Today I spent at UBC, first an informal meeting with some course designers where Brian Lamb and I did some blog talk, and my bit from Northern Voice Not Cat Diaries / Lets Rip WordPress Apart to Make a Web Site, and an informal romp through Second Life.

Then it was over to the Land and Food Systems building where Cyprien Lomas had invited me to a brown bag lunch for another iteration of 50 Web2.0 Ways to Tell a Story that had gone over nicely at Northern Voice. Since at NV I had forgotton to click my record button, I was hoping for a recording, but Duncan at UBC had recorders, video going etc. I told ’em that Northern Voice was the rehearsal for this session. And in a way, this was a bit smoother. I’ve usually done my presentations as one offs and repeating them is new to me, but I dont want to get to be one of those slick presenters who trots out the same show again and again.

But just for fun, as I was setting up the 30 Firefox tabs I open for the show, I also set up a live ustream broadcast, and actually remembered to click record. I did not get to watch the chat, but was getting feedback from Brian and Cyprien. And how cool, Tony Hirst showed up- we just connected via email. So here it is for all its glory:

I keep forgetting to include a part in the beginning when I talk about the CDB book by William Steig. It goes something like:

But I love serendipity and strange coincidence. The initials I chose are CDB, which at age 5 was my favorite book. Is anyone familiar with the book? (show screen) William Steig created this one frame multimedia stories (drawings/pictures and text, of sorts)

So let me talk very generally about what happens to us in school. We start in kindergarden, elementary school, and we are encouraged, have all these opportunities to be creative in art, drawing, painting, collages. It is pure multimedia, We are not judged wrong if we forget a comma, or end a sentence with a preposition.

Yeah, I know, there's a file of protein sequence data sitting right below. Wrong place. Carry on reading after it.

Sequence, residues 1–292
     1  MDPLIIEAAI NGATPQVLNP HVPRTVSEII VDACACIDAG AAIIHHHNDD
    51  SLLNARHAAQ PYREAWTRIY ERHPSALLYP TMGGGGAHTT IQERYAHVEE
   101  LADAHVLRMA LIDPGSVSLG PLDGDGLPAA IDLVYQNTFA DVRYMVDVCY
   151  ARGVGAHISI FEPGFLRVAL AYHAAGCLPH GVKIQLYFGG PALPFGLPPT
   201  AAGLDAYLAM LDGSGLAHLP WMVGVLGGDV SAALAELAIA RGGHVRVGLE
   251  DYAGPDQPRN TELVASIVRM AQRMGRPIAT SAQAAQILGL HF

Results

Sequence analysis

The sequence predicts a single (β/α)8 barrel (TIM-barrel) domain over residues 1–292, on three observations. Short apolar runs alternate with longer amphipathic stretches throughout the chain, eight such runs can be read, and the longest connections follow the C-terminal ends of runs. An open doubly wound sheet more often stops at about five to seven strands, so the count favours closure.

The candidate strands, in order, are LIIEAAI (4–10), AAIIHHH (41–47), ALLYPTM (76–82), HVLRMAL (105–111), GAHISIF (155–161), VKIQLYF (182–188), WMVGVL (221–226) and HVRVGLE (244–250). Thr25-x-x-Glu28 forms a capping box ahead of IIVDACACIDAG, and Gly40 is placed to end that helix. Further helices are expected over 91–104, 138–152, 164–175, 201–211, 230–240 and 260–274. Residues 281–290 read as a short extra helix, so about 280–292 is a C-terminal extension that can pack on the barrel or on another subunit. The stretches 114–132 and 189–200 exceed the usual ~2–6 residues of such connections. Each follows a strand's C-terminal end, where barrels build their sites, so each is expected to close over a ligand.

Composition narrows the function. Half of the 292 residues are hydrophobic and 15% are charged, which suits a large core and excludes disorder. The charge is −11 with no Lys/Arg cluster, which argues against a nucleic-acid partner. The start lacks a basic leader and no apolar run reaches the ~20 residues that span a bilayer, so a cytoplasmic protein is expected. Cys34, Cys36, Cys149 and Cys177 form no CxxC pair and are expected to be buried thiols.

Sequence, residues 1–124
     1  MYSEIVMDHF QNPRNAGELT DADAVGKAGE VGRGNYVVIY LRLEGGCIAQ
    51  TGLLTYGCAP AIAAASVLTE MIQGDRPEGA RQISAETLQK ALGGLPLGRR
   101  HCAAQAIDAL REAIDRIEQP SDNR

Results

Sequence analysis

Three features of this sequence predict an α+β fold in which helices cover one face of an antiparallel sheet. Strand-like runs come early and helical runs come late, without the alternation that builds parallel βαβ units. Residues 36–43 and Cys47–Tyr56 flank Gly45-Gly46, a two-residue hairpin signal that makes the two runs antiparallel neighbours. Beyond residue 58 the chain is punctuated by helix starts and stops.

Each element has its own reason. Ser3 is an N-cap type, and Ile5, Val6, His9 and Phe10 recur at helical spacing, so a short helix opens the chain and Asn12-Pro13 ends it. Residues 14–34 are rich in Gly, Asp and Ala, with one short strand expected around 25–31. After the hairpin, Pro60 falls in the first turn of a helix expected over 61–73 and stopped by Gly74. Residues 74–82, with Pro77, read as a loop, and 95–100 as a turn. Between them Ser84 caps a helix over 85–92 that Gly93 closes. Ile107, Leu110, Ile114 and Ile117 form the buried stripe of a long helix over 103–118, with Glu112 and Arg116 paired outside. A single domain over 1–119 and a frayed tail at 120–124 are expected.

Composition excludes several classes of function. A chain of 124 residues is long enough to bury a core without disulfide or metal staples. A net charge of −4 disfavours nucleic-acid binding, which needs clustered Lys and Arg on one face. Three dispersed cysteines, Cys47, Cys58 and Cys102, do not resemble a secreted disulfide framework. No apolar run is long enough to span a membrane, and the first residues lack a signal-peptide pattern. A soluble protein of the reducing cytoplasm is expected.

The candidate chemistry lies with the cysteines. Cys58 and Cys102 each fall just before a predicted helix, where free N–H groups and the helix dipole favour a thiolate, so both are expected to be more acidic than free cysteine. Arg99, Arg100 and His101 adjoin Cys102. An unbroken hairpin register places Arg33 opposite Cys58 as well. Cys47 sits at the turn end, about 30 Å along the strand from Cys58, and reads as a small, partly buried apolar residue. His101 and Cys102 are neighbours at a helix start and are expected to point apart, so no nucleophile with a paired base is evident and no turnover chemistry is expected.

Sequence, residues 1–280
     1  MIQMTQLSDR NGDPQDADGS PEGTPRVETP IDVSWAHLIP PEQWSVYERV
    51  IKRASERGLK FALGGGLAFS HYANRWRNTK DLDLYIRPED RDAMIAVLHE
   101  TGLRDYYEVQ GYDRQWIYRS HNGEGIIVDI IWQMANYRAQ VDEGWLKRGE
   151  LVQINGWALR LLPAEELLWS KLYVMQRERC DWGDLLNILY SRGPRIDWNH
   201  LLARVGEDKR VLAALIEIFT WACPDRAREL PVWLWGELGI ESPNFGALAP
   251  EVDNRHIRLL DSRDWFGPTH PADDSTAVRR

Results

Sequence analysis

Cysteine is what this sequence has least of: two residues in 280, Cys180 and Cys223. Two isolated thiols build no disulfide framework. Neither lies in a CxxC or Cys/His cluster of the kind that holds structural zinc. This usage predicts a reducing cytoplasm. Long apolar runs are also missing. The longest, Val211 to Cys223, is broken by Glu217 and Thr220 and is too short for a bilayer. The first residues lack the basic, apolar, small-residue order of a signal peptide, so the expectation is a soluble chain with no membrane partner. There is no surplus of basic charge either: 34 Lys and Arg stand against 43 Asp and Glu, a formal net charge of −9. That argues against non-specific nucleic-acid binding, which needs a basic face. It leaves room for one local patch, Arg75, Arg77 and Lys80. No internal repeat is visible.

We go to middle school and hormones wreck us- if we do write/create, it is dark, often mediocre, and not meant for public viewing.

In high school we learn all these structures of proper essay writing, doing outlines, putting crap on notecards. We learn how to mimic the style that gets good grades.

In college, we learn to speak like academic, fall into passive tense, write professionally. We get jobs and have to write reports and business correspondence that does not have a shred of personality into it.

Its my mission now to help people get back to 1st grade- to be free of constraints, to express themselves creatively, visually, and nor worry about the comma police. To freely and openly express!

The post "50 Ways at UBC" was originally pulled charred and crispy from a smoky charred oven at CogDogBlog (http://cogdogblog.com/2008/02/50-ways-at-ubc/) on February 28, 2008.

5 Comments

  • Alan, I didn’t think it was possible but my appreciation for your many gifts really deepened today. It was like you were the purveyor of an invisible potion that inspired, enlightened and amused everyone you gave it to…

    Thank you so much.